Rising From the Flames: How Plants Adapt to Forest fires
Forest fires are raging infernos that burn everything in their path and turn push green forests into charred wastelands… or so it seems. However, to plants and trees that grow in areas where forest fires are frequent, fire is part of the cycle of life. In fact, plants have evolved to survive and thrive In fire thanks to many innovative adaptations.
Some trees have an adaptation called serotiny, which means that their seed-bearing cones are sealed shut by a thick layer of wax. These cones can only open during a fire, because the intense heat is needed to melt away their wax and release their seeds. Similarly, seeds from many plants around the world open only when they detect the chemical compounds present in smoke. Both these mechanisms ensure that the seeds will begin sprouting at exactly the right tie. After a fire has burned away the other competing plants, newly sprouted seedlings will have all the sunlight and nutrients they need to grow.
There are many different stages of a forest fire. Most of the time, fires start on the ground. Fire can use low tree branches like a ladder to move all the way up to the tree’s crown. Crown fires are the most intense and deadly for a tree, so some trees like Ponderosa pine have developed a self-pruning mechanism to avoid them. They will lose their lower branches as they get taller, which helps protect their top branches and reduce the intensity of a forest fire. While these trees may look like goofy tufts on the end of long poles, they are well equipped to survive!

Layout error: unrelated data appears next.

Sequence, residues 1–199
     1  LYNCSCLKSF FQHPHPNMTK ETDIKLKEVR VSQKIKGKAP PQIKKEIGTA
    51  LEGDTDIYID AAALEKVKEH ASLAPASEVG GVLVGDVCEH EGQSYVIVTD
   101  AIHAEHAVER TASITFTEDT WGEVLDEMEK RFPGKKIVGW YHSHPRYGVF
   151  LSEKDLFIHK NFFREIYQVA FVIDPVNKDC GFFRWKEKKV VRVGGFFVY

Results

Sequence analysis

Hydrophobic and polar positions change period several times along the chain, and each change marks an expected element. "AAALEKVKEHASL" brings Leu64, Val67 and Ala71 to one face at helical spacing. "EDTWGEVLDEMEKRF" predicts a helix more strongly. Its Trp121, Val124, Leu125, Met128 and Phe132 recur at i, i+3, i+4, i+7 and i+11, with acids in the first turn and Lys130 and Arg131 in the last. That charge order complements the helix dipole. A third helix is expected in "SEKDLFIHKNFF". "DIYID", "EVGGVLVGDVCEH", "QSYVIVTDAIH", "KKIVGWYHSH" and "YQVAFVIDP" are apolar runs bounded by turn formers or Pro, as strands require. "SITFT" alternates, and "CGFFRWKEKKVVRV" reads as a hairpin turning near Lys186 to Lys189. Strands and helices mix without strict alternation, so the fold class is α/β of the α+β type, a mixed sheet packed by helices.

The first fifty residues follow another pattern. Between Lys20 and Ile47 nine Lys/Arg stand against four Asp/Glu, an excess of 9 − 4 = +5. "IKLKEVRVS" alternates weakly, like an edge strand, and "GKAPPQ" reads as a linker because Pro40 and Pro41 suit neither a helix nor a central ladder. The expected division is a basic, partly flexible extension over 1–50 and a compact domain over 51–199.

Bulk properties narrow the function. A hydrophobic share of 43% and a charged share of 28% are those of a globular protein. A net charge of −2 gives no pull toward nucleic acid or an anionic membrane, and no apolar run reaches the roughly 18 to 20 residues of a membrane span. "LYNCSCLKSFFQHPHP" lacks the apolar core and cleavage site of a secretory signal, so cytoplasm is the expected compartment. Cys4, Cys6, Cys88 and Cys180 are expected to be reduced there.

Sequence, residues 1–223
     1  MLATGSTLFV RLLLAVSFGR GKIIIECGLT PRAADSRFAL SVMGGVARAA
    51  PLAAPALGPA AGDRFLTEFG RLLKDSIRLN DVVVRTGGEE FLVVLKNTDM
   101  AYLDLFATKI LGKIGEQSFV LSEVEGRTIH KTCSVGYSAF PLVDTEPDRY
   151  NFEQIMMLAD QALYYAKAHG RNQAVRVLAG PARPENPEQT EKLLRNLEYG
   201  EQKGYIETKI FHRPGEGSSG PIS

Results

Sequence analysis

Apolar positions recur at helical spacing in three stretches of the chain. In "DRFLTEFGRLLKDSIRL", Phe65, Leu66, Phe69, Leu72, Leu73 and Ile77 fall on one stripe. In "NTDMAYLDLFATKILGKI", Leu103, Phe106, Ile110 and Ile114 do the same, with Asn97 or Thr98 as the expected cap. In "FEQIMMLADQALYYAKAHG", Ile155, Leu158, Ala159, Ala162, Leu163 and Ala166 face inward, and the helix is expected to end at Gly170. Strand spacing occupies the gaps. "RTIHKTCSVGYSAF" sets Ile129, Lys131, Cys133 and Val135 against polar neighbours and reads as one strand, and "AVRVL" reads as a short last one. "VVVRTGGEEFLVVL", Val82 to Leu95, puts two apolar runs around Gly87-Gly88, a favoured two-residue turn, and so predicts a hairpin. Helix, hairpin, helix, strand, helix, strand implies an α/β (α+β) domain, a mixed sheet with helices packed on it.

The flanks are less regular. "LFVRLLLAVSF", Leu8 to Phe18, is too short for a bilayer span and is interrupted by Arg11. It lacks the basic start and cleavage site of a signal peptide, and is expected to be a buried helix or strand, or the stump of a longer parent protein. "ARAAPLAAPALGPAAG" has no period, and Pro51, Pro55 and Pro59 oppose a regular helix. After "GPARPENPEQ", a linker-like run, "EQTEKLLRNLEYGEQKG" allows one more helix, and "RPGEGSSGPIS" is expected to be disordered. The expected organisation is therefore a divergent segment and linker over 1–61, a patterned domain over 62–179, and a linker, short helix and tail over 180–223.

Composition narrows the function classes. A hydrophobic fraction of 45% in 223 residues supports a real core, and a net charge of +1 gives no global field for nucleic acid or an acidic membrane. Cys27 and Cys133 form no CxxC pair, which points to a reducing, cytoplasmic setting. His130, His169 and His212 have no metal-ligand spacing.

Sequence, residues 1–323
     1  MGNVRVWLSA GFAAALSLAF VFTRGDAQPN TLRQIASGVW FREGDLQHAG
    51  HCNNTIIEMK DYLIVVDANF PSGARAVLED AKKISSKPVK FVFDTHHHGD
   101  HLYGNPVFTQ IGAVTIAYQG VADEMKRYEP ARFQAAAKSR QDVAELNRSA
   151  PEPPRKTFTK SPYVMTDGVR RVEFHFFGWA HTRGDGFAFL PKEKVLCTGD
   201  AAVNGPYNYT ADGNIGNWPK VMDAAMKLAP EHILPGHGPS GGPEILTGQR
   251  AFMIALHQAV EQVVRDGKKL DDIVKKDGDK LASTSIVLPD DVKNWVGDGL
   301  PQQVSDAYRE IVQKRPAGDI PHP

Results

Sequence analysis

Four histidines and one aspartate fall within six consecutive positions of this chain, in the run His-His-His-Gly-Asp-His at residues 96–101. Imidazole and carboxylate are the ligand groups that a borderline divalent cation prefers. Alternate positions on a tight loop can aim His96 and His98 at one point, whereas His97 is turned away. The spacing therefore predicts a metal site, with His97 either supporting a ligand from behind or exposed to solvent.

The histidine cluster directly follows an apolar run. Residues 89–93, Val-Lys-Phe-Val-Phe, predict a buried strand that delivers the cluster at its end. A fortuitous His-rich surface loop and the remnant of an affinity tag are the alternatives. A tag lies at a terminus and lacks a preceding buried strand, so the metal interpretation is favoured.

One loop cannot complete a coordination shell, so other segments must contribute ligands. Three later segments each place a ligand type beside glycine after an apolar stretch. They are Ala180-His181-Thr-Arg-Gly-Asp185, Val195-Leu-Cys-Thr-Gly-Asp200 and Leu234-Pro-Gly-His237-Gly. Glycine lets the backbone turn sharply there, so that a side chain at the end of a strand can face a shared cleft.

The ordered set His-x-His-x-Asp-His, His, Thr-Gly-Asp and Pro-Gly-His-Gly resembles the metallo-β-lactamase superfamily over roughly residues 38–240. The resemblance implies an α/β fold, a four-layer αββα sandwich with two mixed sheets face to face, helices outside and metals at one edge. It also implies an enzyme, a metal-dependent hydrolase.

Dead plant materials on the ground, like pine needles for example, are the fuel that keeps a wildfire burning. If these needles catch fire easily, there will be forest fires often. This might seem like a bad situation for a tree, but it is actually an advantage! Since fires around these trees are frequent, the needles burn up almost as soon as they fall and they is never very much fuel on the ground to sustain a long fire. This means that the forest fires will stay small and won’t burn very long. A tree with thick enough bark and highly flammable needles can easily survive these short small fires.
You can test the powers of Serotiny for yourself!
If you live in an area where serotinous trees grow (ask your parents if there are any Lodgepole or Jack pines near you), you can easily test the powers of Serotiny.
Collect some cones from nearby trees and place them on a baking tray. Put the trey in the oven and heat it up to 300 Degrees Fahrenheit, Watch what happens as the cones get hotter. Once the cones have opened, ask an adult to help you remove them from the oven. When they have cooled, compare them to the unheated cones. What do you notice?
You can also watch the video below and see how it works!